Sunday, January 29, 2012

Eastern American Dialects – an example of migration and ethno-linguistic frontier formation

In Chapter 6 “The Archaeology of Language” of his book The Horse, the Wheel, and Language, David W. Anthony uses the colonization of North America by English speaking people as an example of ethno-linguistic frontiers [1] formed by migration. In many cases the first people to settle a region put their language and cultural stamp on the area which is copied by later migrants. In the Eastern USA example, the language and cultural boundaries coincide almost exactly.

Between about 1620 and 1750 what is now the eastern United States was colonized by four different migration streams from different areas of Britain. These formed distinct ethno-linguistic patterns which are still very much visible today. They are:
  • New England (Yankee) – East Anglia
  • Mid-Atlantic ( Pennsylvania Quaker) – English Midlands
  • Virginia Coast (Royalist Anglican) – Somerset and Wessex
  • Appalachians (“Hillbillies”) – Scotch Irish

New England, centered on Boston, was first settled by the Pilgrims from East Anglia. The Yankee dialect is a variant of the East Anglia dialect and the New England folk culture (church, house, barn and fence types; town organization type; food and dress preference; and religion) is a simplified version of East Anglian folk culture.

The Virginia coast was settled by Anglican royalists escaping anti-royalist sentiments of the English Civil War. These settlers gave Virginia a distinct linguistic and folk culture based on the tobacco plantation.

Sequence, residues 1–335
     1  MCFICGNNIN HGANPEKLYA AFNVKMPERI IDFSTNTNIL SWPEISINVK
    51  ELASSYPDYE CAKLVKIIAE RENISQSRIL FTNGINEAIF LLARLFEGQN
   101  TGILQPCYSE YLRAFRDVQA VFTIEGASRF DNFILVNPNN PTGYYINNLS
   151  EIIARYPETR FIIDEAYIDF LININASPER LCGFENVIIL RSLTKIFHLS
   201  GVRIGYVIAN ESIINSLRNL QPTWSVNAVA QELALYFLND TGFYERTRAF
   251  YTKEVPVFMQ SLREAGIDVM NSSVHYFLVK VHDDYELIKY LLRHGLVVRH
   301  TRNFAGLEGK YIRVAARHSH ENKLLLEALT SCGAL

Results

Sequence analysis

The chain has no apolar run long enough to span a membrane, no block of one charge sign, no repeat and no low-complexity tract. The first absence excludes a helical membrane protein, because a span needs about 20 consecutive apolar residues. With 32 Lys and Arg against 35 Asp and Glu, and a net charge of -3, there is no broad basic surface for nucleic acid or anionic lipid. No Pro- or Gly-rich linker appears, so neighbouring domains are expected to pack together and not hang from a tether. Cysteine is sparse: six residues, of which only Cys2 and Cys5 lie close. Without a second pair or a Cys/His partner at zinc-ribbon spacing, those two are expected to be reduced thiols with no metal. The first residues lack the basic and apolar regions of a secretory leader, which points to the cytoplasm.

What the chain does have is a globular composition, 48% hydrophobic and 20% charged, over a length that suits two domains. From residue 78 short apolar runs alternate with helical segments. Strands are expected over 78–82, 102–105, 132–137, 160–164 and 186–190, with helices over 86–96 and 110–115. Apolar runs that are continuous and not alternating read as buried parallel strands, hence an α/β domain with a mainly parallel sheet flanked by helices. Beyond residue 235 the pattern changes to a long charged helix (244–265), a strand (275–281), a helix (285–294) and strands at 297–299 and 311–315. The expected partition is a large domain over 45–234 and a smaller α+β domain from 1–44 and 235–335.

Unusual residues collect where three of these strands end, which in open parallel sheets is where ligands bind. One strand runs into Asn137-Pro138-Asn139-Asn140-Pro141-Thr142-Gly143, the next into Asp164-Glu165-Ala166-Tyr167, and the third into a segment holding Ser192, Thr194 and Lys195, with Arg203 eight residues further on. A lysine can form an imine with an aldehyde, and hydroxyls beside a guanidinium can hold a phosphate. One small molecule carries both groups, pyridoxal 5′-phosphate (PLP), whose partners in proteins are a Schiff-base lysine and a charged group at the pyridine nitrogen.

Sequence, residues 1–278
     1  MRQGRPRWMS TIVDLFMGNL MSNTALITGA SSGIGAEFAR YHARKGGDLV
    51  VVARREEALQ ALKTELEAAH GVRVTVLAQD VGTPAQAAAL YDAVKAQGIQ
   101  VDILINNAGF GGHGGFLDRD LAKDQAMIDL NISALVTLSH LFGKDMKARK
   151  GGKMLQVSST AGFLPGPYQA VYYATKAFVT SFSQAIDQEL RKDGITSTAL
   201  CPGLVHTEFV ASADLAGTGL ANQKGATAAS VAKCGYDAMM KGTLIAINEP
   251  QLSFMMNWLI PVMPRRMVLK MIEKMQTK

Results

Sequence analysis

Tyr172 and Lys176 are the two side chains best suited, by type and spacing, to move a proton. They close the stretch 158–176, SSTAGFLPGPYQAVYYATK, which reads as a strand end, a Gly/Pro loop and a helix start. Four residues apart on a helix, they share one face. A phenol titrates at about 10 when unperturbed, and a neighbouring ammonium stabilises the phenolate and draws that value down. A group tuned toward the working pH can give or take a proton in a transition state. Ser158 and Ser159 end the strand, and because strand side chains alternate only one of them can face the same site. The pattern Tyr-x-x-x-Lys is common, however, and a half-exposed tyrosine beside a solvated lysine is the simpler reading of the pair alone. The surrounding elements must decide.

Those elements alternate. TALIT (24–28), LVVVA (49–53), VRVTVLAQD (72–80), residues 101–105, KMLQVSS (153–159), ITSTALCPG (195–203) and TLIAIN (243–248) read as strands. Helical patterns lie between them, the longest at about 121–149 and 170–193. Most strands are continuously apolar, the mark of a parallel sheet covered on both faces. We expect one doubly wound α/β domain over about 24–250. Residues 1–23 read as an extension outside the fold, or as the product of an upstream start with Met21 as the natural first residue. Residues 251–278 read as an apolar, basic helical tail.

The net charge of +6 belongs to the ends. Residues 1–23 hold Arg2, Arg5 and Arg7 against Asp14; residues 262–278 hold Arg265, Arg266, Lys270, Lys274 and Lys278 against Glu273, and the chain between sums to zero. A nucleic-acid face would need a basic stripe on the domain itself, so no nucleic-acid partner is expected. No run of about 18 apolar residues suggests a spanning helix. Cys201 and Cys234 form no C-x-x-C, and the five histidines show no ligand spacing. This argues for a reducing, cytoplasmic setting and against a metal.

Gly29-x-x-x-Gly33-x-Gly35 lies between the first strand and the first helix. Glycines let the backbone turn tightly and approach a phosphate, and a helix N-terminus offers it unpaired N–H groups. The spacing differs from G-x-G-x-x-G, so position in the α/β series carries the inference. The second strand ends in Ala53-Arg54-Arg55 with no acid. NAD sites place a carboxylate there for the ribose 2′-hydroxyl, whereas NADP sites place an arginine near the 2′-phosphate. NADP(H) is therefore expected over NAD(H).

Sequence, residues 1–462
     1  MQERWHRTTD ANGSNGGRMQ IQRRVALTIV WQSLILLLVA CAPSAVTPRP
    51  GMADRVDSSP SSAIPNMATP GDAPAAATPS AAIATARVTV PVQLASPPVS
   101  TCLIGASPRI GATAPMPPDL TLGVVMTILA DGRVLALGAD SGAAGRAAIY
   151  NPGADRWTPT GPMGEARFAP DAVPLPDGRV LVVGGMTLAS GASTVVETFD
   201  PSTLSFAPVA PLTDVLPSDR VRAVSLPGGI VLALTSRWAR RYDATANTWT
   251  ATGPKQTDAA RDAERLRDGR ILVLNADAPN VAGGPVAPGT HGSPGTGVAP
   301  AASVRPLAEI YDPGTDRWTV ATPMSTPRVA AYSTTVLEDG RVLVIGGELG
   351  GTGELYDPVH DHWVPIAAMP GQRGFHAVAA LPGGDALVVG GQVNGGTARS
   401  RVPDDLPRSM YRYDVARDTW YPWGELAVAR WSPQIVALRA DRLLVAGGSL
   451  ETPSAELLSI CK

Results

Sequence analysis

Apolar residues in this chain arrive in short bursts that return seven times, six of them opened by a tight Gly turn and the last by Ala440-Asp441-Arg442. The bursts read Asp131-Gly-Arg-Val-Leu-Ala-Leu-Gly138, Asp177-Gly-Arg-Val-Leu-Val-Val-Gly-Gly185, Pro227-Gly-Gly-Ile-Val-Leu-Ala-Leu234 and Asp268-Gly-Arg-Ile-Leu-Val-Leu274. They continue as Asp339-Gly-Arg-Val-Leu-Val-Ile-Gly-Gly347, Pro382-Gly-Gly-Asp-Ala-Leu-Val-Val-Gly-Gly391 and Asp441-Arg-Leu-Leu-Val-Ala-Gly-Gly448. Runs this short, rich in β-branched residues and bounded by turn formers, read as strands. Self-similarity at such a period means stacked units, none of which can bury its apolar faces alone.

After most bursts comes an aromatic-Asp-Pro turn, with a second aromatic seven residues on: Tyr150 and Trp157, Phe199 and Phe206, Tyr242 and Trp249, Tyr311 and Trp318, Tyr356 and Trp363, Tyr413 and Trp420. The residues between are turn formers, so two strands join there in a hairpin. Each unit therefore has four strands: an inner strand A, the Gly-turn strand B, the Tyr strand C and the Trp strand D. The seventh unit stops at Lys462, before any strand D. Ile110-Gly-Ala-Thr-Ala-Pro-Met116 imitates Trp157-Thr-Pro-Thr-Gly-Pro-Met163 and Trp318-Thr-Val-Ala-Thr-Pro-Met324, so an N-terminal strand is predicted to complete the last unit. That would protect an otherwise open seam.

Similarly Quakers from the North-Midlands, Lancashire and Yorkshire emigrated to avoid persecution following the Restoration. Most settled in Pennsylvania. Their distinct dialect and folk culture was later added to by German-speaking settlers from Switzerland and southern Germany (Pennsylvania “Dutch”) [2].

The Appalachian dialect was touched on in an earlier post

Migration of other people from Britain, Europe and other countries, and movements of people within the country, all added to or modified the regional dialects of America.  Despite the complexity from these other sources, these original four ethno-linguistic cultures can still be observed. Besides the regional accents and architectural styles of old buildings, Anthony claims that even modern presidential voting patterns can be discerned and traced back to these original folk cultures.

[1] Frontier in this discussion refers to a boundary between two discernable cultures or languages.

[2] There were Dutch settlers in America, centered around New York from which some place names like Harlem, Bronx and Brooklyn originate as well as a few other words like waffle and poppycock (from Dutch pappekak meaning “soft dung”). The Pennsylvania Dutch however were German-speaking people from Switzerland and southern Germany – the Amish, and Mennonites. Here Dutch is an Anglicized form of Deutsch (the German word for German).

1 comment:

  1. Great post. Wish I knew more about the cultures in the parts of the British Isles you mentioned, other than the Scots-Irish which I am familiar with.